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For Jan Krist, the singer/songwriter hosting the March 30 songwriters workshop at Come2Go Ministries, songwriting workshops, writing groups of all sorts, are essential and familiar territory. Over the past two decades, Krist has dissected and studied the craft of writing with several like-minded groups of artists. Her efforts have paid off, if not commercially then critically. Billboard Magazine said “her talent as a songwriter equals – if not surpasses – her vocal gifts. She has an uncanny way of cutting to the heart of a topic and providing the listener with food for thought” and called her singing “evocative … somewhere between Joni Mitchell and Kate Bush, but it’s all Jan Krist. Unreservedly recommended.”
The Detroit native (she earned 13 nominations and won four Detroit Metro Music Awards during her career) and her husband, Alan Finkbeiner, also a musician, moved last year to Fort Wayne. Bad for Detroit, good for Fort Wayne. The pair recently played at The Oyster Bar’s Sunday night songwriter showcase before a handful of Valentine’s Day weekend couples who seemed more intent on making eyes at each other than using their ears. Had they been listening they would have heard what the folks at Billboard heard, and what I heard: refined songs deftly played.
When she’s not writing songs, which is not often, Krist works out of her home as a booking assistant for The Roots Agency, which represents Arlo Guthrie, Richie Havens, The Chieftains, Luka Bloom, Hothouse Flowers, Claire Lynch, Ronnie Spector and John Gorka, to name a few. David Tamulevich, of the folk duo Mustard’s Retreat, is a vice-president of artist development at The Roots Agency and also a member, and host, of the Yellow Room Gang, a group of eight songwriters from Michigan who gather monthly to talk about writing. The Yellow Room Gang is just one of the songwriter groups Krist belongs to. One of the benefits of such groups, Krist said, is the freely exchanged prodding to keep at it.
“David is one of the best-known agents in booking for folk music,” Krist said. “He’s been on my case for the last couple of weeks to keep working on a new record. I have a truckload of songs. We’re just trying to figure out what to put on it.”
Krist has recorded eight solo CDs since 1992 (the first two, Decapitated Society and Wing and a Prayer, were released as a compilation in 2008) and appears on the two compilation discs recorded by The Yellow Room Gang. She also collaborates with fellow Michigan folkies Claudia Schmidt and Kitty Donohoe (a Yellow Room Gang member) in a project called The Biddies, who are doing a brief tour this March. Krist also performs with Jim Bizer as well, another Yellow Room Gang member. But whatever Krist is doing at any given moment, her main goal is honing her craft. And that takes work. Woody Allen, who has been cranking out a movie a year for seemingly his entire career has said inspiration is for amateurs. That’s an ethic Krist follows as well.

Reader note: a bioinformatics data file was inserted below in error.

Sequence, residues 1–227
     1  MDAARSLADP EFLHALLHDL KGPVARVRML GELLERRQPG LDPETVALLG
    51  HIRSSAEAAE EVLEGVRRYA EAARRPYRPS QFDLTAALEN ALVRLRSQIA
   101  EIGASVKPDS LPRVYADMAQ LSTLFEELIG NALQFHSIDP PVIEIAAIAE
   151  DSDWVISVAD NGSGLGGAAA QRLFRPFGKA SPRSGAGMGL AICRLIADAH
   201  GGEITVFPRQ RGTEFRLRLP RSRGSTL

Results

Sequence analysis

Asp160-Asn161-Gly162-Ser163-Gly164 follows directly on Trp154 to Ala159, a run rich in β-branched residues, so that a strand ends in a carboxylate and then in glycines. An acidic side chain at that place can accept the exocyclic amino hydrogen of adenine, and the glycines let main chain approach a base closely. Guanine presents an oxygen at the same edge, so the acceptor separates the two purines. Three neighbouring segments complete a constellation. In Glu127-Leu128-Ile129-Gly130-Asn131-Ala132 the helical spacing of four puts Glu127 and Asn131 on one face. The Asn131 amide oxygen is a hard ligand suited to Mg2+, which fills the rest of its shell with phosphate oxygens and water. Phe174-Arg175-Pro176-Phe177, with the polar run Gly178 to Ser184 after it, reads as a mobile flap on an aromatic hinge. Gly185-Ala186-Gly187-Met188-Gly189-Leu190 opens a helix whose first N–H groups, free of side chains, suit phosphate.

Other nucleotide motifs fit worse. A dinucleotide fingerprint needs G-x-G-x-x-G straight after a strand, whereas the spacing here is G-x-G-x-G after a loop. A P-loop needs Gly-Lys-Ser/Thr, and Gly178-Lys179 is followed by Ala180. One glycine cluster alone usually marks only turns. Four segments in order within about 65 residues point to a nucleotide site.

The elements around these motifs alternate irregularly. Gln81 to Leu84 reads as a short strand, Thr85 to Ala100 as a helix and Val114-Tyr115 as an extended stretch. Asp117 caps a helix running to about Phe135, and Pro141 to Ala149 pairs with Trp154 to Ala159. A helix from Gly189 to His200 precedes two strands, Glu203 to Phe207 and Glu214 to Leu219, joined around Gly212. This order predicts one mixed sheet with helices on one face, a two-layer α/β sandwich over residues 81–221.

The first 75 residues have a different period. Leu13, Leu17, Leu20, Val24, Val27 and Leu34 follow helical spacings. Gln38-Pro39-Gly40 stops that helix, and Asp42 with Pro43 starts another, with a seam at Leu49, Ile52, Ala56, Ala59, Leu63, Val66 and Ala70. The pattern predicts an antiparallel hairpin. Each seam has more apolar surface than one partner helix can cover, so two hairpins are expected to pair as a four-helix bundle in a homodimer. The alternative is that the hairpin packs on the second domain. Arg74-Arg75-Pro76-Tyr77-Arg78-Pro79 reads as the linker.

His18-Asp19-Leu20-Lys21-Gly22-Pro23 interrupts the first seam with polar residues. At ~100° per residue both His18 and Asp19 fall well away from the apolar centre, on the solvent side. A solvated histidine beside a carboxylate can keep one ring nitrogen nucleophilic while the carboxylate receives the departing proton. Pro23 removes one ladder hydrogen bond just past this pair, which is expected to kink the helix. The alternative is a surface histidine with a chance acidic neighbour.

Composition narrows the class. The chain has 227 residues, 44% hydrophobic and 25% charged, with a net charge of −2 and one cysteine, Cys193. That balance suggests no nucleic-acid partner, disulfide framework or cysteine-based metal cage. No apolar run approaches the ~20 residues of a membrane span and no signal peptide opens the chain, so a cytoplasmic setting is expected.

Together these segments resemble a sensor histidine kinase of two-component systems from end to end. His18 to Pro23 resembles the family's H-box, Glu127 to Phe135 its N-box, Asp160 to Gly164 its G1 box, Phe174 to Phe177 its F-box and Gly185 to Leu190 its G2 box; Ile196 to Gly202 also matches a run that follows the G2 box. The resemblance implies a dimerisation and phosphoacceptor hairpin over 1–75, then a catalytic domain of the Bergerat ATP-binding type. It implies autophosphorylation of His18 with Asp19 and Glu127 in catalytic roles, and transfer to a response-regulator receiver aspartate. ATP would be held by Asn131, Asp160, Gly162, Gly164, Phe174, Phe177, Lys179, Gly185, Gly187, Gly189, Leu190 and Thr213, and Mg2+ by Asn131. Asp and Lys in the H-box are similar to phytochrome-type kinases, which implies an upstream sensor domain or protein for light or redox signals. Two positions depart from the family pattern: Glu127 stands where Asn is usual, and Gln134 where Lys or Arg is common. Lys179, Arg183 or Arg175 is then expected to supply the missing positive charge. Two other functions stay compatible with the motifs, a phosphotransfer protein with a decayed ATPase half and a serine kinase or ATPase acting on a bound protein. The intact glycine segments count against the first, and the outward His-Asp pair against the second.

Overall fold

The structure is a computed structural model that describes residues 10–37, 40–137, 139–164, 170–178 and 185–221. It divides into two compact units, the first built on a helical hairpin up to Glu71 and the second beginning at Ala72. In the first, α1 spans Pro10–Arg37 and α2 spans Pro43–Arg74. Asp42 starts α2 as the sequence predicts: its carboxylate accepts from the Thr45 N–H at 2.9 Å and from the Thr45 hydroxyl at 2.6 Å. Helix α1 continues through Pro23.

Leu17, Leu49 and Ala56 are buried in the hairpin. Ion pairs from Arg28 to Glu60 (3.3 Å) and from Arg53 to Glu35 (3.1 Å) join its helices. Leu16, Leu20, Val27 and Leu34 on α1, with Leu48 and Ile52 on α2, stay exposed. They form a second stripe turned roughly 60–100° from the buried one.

Since moving to Fort Wayne Krist has started attending yet another monthly songwriting group, Grassroots Arts, with people she’s met through Three Rivers Natural Grocery and with some of her husband’s colleagues at Sweetwater Sound, where he works. “I think that writer’s groups are really good for keeping people on task,” Krist said. “For me they help me to be accountable and to write better and better music. Once you’ve been in a group with the same people for a while you get to know each other really well and respect each other. It’s a great way to workshop your songs. The critiques are really good. We tear a song apart and find what’s working and what’s not working. The goal is to help make it a better song, and that’s been really good for me.”
As a Christian artist, Krist caught some flack for not being overtly “Christian” enough. Writing in the summer 1996 issue of Image, a journal of art, mystery and faith, Krist recalled how a person said to her, “Jan, if you would only mention the name of Jesus a little in your songs, we could all make some money.” But to Krist, her job as a Christian artist is not to “diagram the stick figure” of Jesus into her songs.
“It’s about the mystery,” she told me. “Music and art and faith are more about the mystery of God than about the dogma. I know what I believe, but I don’t think, inevitably, that it’s up to me to convince somebody or to retell them again. My art and my music are about the shared humanity and the troubles we all face. People call what I do hope in a minor key. It’s about hope and about finding our way. I don’t feel I need to make a roadmap.”
Krist’s tireless efforts at exploring the mysteries of life through her art take her to Leavenworth, Washington each year, where she teaches a writers workshop, and to an arts symposium at Calvin College in Grand Rapids, where she’s lectured on faith and writing and faith in music.
“I think I’ve learned more about what makes a good song,” she said. “Paul Simon said you have to start with the truth or else you’re just covering up your tracks. You have to start with the truth, some existential truth. In my painting I’ve found you can’t do a good painting from a bad drawing. As for writing a good song, I’m learning it’s not going to get better by adding a lot of verses. Less is more. I’m really struggling now to write shorter, more accessible lyrics. If it still has elements of poetry and beauty and you have that element of mystery, you can transform a pop song to a work of art.”